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Mystery illness kills Missouri soldier
Josh Neusche died Saturday; his family waits for answers.

By Eric Eckert
News-Leader Staff

07/16/03: Montreal, Mo. Seventeen-year-old Jacob Neusche spent Tuesday morning packing up his big brother's belongings books, a high school letterman's jacket and a Class A uniform.
"That's what Josh will be buried in," the teenager said, referring to the uniform.

Missouri National Guard Spc. Josh Neusche, 20, died Saturday at the Homburg Hospital in Germany from a mysterious illness. A member of the 203rd Engineer Battalion, he is the only Missouri National Guardsman on the Department of Defense's casualty list.

Family and friends are awaiting the soldier's body, scheduled to arrive Thursday in the United States.

They are also waiting for autopsy results, and his parents, Mark and Cindy Neusche, are calling for an investigation.

"He's always been healthy," Mark Neusche said. "Hell, he's a cross-country runner. There's no reason for a boy of his health to deteriorate so quickly."

Cindy Neusche said her son collapsed July 2 while in Baghdad and was transported to Germany. Doctors there told the family they believed Josh suffered from pneumonia due to fluid that had collected on his lungs. But then his liver, kidneys and muscles started to break down, his mother said.

"They were doing some things there, trying to get his kidneys flushed out," she said through tears. "They told us his potassium levels came up so far and he needed to go on dialysis."

The Neusches traveled to Germany Friday to be with their son. When they arrived, they found him in a drug-induced coma. The grief-stricken couple weren't able to talk with their boy, but they believe he knew they were there.

"In our hearts, we felt he heard us," said Cindy Neusche. "You could tell by the machines he was on. His heart rate got faster when we talked to him."

Josh Neusche died the next day.

Doctors and family members are still befuddled by the strange illness. There's got to be an explanation, Mark Neusche said. He prays the hospital's autopsy will reveal the cause.

"I know the doctor over in Germany said he got into some type of toxin," Mark Neusche said. "Several soldiers were in similar conditions while we were there."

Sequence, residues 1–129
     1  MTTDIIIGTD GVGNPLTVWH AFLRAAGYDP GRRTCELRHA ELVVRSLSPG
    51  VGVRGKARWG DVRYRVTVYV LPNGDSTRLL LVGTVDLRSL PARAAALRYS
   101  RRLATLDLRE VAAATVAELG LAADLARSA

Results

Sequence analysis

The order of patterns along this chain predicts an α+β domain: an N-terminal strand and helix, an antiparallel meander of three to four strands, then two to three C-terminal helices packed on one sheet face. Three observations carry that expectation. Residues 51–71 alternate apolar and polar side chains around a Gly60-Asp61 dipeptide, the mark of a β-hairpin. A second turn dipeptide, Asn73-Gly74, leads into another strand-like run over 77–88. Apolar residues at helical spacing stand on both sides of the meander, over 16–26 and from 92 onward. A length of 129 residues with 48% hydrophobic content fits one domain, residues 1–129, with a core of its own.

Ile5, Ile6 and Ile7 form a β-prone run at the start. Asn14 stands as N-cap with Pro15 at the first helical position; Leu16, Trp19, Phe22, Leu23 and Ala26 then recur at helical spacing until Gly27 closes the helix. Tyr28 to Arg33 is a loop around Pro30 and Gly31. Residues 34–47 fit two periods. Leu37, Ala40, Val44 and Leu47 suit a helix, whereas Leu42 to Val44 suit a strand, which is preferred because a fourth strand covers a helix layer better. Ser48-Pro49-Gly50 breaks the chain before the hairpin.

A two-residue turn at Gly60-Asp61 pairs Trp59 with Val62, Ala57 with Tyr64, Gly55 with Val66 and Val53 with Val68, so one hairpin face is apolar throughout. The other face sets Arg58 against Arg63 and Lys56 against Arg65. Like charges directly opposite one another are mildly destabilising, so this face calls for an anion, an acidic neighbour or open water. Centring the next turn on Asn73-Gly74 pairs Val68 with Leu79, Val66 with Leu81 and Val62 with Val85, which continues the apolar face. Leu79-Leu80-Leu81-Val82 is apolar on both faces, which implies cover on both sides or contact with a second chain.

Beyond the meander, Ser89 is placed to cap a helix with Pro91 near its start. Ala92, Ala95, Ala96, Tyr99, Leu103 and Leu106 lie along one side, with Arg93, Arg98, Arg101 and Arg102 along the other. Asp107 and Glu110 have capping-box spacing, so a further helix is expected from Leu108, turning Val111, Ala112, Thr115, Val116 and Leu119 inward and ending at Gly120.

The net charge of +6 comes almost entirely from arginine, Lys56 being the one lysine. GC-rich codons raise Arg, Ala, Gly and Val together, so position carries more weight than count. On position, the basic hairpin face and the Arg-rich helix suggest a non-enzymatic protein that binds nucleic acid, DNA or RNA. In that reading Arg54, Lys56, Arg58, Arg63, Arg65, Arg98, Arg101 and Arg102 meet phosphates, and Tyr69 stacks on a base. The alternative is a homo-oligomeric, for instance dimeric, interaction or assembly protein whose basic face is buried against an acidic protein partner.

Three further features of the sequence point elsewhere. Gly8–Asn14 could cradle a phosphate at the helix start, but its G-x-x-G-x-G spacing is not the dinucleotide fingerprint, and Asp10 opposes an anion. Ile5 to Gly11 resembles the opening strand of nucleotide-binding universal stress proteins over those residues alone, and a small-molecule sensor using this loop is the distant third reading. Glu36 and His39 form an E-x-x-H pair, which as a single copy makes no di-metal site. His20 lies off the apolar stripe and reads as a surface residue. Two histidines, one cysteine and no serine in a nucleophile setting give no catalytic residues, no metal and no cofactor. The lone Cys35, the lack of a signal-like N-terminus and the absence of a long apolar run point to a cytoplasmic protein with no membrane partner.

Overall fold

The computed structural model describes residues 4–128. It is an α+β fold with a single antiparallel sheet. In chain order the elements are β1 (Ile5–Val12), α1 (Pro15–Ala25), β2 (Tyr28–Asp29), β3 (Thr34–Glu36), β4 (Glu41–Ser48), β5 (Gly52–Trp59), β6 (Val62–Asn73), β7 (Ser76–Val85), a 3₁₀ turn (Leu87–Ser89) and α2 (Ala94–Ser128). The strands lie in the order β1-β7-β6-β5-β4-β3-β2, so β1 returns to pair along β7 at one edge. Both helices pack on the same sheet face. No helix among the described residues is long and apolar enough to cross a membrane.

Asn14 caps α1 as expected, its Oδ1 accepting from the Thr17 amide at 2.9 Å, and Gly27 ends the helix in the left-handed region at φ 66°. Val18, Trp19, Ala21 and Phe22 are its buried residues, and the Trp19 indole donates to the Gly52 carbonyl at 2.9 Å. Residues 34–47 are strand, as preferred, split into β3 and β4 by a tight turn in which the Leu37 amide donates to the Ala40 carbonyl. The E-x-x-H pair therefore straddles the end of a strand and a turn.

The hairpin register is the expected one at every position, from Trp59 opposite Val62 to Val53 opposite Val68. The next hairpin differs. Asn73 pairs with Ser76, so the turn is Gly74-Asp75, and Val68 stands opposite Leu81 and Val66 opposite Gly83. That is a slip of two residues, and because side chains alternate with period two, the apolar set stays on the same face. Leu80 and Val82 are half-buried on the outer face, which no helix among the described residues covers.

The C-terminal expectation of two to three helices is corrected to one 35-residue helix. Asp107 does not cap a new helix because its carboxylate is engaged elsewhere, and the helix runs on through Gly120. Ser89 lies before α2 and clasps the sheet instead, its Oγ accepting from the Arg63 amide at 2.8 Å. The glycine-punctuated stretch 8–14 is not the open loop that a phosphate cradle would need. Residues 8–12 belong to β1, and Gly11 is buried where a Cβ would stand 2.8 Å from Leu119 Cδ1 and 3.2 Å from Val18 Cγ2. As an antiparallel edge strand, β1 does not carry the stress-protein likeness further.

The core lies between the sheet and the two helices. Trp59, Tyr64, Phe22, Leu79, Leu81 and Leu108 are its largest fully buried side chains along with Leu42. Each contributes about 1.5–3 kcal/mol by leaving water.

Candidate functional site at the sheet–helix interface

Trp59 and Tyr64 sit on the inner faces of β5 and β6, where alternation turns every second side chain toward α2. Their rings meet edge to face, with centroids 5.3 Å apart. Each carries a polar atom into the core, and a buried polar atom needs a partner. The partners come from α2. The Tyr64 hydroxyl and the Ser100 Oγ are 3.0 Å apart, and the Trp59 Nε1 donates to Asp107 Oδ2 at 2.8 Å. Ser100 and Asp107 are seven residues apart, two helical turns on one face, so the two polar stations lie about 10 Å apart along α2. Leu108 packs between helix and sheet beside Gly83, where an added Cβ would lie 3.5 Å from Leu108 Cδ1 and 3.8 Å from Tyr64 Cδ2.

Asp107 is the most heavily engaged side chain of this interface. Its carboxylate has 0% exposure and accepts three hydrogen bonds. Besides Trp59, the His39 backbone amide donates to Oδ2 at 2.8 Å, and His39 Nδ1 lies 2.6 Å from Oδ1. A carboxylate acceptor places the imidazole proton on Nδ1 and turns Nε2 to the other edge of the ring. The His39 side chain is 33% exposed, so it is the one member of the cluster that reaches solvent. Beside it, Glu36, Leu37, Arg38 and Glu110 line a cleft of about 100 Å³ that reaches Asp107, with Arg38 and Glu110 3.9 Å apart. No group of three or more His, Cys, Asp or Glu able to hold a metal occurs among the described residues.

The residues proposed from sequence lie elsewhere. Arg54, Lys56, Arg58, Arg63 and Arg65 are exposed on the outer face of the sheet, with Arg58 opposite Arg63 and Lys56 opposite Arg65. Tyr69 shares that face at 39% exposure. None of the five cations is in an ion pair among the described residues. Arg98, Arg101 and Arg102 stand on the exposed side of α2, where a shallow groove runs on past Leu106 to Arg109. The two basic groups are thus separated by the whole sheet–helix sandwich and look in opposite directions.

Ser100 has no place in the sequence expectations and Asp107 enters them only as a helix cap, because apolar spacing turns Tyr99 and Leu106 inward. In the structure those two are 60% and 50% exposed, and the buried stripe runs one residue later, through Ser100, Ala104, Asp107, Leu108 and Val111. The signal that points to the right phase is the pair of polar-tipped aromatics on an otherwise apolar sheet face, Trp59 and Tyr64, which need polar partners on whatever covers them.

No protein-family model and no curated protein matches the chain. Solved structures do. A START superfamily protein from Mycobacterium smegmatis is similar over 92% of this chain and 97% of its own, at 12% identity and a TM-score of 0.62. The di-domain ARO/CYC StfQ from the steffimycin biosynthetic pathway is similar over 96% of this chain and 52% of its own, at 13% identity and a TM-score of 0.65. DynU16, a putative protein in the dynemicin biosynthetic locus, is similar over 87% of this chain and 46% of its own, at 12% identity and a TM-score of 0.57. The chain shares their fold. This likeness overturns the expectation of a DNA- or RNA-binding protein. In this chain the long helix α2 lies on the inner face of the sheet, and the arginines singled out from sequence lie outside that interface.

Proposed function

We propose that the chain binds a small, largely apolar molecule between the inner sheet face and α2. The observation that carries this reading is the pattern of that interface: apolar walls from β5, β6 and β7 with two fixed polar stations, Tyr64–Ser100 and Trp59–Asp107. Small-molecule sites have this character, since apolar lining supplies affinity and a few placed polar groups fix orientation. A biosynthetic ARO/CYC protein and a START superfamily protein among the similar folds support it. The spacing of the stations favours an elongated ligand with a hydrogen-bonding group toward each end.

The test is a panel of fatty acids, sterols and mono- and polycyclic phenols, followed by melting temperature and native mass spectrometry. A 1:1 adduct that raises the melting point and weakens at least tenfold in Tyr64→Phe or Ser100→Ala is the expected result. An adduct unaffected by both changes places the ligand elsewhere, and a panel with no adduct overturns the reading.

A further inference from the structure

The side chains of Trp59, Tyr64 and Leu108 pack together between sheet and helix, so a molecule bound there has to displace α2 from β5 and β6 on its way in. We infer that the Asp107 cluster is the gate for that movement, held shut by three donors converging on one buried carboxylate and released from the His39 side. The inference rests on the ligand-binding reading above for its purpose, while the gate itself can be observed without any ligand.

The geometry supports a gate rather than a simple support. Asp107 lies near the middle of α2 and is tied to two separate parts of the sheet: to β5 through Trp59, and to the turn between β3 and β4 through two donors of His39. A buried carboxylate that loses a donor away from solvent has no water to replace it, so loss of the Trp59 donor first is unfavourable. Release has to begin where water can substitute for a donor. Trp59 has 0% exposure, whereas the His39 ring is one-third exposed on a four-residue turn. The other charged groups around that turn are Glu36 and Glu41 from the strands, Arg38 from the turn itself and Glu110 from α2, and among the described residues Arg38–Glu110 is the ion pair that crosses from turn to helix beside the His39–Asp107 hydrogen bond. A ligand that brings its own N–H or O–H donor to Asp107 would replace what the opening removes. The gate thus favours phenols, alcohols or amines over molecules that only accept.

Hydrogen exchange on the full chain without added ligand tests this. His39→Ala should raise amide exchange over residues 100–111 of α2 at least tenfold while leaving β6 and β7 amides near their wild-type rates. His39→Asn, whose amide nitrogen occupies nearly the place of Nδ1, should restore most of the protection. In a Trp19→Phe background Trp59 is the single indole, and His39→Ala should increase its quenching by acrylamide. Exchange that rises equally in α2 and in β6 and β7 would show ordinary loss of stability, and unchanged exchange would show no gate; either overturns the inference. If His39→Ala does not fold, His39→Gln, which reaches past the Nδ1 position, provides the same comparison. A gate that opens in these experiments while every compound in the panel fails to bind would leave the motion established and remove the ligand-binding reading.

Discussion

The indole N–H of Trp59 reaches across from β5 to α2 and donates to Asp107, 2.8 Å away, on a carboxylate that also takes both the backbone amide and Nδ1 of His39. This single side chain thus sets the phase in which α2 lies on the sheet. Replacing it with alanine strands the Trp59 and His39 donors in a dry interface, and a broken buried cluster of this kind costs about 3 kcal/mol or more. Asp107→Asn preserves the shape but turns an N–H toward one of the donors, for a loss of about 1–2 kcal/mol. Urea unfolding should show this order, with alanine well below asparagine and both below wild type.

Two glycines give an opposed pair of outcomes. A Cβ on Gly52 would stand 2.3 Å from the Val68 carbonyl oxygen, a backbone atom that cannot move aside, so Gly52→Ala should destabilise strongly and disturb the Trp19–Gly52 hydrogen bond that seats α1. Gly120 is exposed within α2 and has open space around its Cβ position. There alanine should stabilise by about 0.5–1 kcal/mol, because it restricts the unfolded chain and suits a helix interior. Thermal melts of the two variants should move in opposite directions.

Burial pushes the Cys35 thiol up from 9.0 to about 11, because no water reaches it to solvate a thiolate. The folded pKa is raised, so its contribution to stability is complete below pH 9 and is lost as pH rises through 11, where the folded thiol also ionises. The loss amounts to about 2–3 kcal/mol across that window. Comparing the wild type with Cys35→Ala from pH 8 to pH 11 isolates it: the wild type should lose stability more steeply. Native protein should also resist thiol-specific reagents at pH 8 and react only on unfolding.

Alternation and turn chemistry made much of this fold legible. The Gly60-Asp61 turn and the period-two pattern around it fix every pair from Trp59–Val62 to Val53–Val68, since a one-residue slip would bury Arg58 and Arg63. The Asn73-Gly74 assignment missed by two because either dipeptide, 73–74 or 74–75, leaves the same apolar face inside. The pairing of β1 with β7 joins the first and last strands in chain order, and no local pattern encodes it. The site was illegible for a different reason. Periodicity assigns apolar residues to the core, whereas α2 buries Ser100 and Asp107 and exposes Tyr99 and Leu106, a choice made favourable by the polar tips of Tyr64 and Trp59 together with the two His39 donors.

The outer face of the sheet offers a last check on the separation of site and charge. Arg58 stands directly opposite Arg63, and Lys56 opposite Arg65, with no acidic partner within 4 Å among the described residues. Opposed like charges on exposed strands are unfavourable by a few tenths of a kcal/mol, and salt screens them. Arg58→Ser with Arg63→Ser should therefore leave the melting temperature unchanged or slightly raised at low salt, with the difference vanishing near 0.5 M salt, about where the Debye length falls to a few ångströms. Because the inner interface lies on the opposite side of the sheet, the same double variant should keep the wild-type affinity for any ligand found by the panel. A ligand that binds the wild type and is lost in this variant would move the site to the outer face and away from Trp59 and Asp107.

So far there has been no hint of an official inquiry.

"That's not under investigation," said U.S. Army Spokesman, Lt. Col. Jeff Keane, from Virginia.

"To my knowledge, we've not been asked to do that (investigate)," added Whitney Frost, a spokeswoman for U.S. Rep. Ike Skelton.

Meanwhile, friends and family have been reminiscing about their loved one.

"I lost the person I looked up to the most," Jacob Neusche said of his brother. "I guess now the role I'll have to step into is caring for my mother and dad. My brother always did that."

Friends remembered how Josh loved to play his trombone, his reign as Camdenton High School's 2002 prom king and his penchant for mathematics.

"He was a tutor for little kids," said friend Danny Pacholski. "The guy was a genius at math. ... It's really heartbreaking that this happened. We were always supposed to grow up with each other."

Josh's high school sweetheart, Krissy Lewis, said he lived his 20 years to the fullest. The couple broke up after high school, but stayed close friends.

"He was the most outgoing person I'd ever met," Lewis said, adding that friends have been consoling each other since they learned of the death. "One moment, I'm OK and then it hits me that I've lost the first love of my life."

Josh joined the National Guard in high school. When he was activated in March, the young man was enrolled at Southwest Missouri State University as a freshman.

He was taking general-education courses and had been dating fellow student Layne Clark for eight months. Clark, 19, said she and Josh talked many times about getting married.

"We met at college through a friend of ours," Clark said Tuesday. "We loved to go dancing. We saw a lot of movies and we enjoyed just being together doing nothing."

Clark said the young soldier believed in his mission.

"He was so proud to serve his country. He thought this was the right thing to do and he wanted to do it. He was the most courageous man I'd ever known."

On Sunday the day after learning of Josh's death Clark received a two-page letter from her boyfriend; it was postmarked June 30.

"He just told me that everything was going all right and he'd be home soon."

Copyright 2003, The Springfield News-Leader


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